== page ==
Alternatively, both applicants seek permissive intervention under Rule 24(b), which provides in part:

 
"Upon timely application anyone may be permitted to intervene in an action: * * * (2) when an applicant's claim or defense and the main action have a question of law or fact in common. * * * In exercising its discretion the court shall consider whether the intervention will unduly delay or prejudice the adjudication of the rights of the original parties."

Rule 24(b) should be liberally construed. Western States Machine Co. v. S. S. Hepworth Co., E.D.N.Y., 1941, 2 F.R.D. 145. "[B]asically, * * * anyone may be permitted to intervene if his claim and the main action have a common question of law or fact,"[11] unless the court in its "sound discretion [determines that] * * * the intervention will unduly delay or prejudice the adjudication of the rights of the *293 original parties." Allen v. County School Board of Prince Edward County, supra 28 F.R.D. at 363.

It is beyond dispute that the claims of the white students and parents of Tangipahoa Parish are based on common questions of law and fact with the issues raised in the main action. Nor can it be denied that, as a practical matter, the applicants have an important interest in the outcome of this litigation. All students and parents, whatever their race, have an interest in a sound educational system and in the operation of that system in accordance with the law.

This leaves the question whether the intervention will unduly delay or prejudice the adjudication of the rights of the original parties. If not completely untimely, these interventions are certainly not prompt. This suit was filed on May 3, 1965. On June 9, 1965, the school board was first ordered to begin desegregating its public schools. The board was ordered to follow a "freedom of choice" plan in accordance with the requirements of United States v. Jefferson County Board of Education, supra, on July 12, 1967. On August 20, 1968, the court found that "the Tangipahoa Parish freedom of choice plan has not demonstrated the requisite `real promise of aiding a desegregation program to effectuate conversion of a state-imposed dual system to a unitary non-racial system,'" 290 F. Supp. 96, and on October 15, 1968, the school board was ordered to produce a plan that would fully unitize the Tangipahoa Parish school system. 298 F. Supp. 283. It is the hope of both the court and the original parties that this case is in its final stages, and that the court will not have to play a part in the operation of the Tangipahoa Parish schools once the scheduled hearing is completed and an order is issued.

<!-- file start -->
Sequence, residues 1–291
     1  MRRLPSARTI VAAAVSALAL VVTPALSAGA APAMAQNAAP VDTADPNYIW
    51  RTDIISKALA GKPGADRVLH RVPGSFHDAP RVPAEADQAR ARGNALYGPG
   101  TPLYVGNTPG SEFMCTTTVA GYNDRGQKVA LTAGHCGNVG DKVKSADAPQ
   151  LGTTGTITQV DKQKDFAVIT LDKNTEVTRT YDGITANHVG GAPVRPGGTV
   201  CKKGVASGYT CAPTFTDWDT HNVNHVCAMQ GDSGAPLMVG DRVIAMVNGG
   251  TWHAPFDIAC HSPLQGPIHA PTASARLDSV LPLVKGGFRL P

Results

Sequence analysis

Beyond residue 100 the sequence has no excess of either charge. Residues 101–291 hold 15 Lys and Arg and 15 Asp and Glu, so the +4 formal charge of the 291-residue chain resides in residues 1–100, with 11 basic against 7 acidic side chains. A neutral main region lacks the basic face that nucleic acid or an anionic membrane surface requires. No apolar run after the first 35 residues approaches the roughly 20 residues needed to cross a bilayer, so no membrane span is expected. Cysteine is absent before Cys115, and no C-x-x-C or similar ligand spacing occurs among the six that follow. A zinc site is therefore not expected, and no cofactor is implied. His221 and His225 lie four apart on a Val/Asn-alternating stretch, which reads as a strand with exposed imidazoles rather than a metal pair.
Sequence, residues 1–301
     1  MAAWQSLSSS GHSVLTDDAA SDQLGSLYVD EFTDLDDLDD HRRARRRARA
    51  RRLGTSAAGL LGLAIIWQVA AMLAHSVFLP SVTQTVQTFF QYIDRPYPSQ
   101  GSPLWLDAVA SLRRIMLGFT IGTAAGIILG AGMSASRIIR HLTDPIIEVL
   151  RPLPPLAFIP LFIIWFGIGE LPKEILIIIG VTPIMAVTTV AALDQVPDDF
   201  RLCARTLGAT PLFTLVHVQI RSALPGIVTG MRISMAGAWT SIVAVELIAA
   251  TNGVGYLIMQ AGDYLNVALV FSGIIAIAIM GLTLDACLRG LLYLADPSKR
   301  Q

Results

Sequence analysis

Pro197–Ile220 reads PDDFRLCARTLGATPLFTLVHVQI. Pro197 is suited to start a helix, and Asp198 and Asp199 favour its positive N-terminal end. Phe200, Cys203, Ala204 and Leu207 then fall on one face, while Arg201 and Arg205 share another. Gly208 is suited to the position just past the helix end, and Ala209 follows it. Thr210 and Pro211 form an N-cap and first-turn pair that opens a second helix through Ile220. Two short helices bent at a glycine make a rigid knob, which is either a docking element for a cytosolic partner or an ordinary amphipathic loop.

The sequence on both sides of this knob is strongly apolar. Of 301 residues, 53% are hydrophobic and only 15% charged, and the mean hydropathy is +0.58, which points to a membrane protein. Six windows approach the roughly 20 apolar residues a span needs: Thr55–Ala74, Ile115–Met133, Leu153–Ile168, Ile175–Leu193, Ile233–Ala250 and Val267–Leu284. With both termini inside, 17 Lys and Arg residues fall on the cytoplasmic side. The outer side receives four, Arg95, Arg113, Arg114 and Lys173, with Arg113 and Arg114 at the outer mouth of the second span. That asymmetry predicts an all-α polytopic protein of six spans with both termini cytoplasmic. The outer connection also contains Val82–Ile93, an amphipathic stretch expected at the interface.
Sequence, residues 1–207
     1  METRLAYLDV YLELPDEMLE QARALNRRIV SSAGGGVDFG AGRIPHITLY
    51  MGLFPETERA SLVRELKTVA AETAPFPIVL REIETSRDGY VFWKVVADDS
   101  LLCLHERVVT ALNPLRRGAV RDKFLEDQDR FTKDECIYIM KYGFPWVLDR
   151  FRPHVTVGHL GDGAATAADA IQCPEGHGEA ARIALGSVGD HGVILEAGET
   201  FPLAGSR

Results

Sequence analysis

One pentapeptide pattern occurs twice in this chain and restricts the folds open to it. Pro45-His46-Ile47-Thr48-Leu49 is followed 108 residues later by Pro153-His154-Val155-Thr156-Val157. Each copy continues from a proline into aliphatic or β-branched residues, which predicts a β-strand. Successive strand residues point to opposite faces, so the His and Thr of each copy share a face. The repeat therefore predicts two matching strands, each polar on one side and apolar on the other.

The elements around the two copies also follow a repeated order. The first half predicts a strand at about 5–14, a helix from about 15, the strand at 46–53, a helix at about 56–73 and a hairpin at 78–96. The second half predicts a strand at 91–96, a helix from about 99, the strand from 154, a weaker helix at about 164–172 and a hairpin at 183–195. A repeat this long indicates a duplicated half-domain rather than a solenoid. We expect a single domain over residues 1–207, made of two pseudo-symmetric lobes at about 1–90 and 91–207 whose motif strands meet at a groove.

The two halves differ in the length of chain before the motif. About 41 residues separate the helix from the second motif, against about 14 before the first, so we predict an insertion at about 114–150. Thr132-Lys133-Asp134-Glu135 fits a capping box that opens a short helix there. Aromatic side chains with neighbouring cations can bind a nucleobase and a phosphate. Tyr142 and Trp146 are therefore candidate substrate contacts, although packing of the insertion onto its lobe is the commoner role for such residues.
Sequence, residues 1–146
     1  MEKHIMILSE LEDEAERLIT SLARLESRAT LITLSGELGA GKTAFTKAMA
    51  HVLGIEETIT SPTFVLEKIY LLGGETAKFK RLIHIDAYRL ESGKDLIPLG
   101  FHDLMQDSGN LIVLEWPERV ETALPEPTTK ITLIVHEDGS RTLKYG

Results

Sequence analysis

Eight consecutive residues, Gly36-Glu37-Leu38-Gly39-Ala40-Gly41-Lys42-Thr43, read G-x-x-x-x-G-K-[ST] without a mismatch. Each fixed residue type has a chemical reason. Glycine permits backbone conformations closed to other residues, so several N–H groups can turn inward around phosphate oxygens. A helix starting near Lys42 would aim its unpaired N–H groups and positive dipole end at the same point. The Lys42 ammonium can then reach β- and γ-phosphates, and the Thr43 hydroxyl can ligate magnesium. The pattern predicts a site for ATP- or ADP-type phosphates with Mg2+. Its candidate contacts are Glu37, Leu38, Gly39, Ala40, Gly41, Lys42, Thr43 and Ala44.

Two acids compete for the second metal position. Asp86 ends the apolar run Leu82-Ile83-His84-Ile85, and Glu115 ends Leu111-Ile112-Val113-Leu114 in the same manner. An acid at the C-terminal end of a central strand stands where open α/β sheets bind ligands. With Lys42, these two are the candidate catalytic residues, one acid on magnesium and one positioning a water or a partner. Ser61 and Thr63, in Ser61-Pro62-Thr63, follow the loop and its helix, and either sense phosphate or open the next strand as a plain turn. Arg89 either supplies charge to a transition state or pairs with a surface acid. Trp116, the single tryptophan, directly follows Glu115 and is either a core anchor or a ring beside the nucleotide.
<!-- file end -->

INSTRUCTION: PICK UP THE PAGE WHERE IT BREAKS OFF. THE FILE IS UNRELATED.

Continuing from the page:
The pendency of this litigation, and the orders entered in it by the court have been widely publicized in parish newspapers, and on local radio stations. Moreover, for two years now every parent and school child has known about this law suit through the "freedom of choice forms" that they were asked to complete and the explanatory letters that were sent out by the school board. Ample opportunity existed for intervention long ago.

Nevertheless, the interests of the white parents and students are substantial, and it appears proper to permit intervention by a group seeking to represent them.[12] But to protect the interests of the original parties and prevent any further delay, the intervention is subject to the following conditions:[13]

 
1. The intervenors will not be permitted to assert any defenses or claims previously adjudicated by the court.[14]
 
2. The intervenors may not reopen any question that has previously been decided by the court.[15]
 
3. The intervenors are admitted for the purpose of reviewing the plan prepared for the unitary operation of the Tangipahoa Parish School System by the Educational Resource *294 Center on School Desegregation and submitting any objections, modifications, or alternatives they may have in accordance with the requirements of the Constitution and the prior orders of the court.
 
REPRESENTATION OF THE INTERVENING CLASS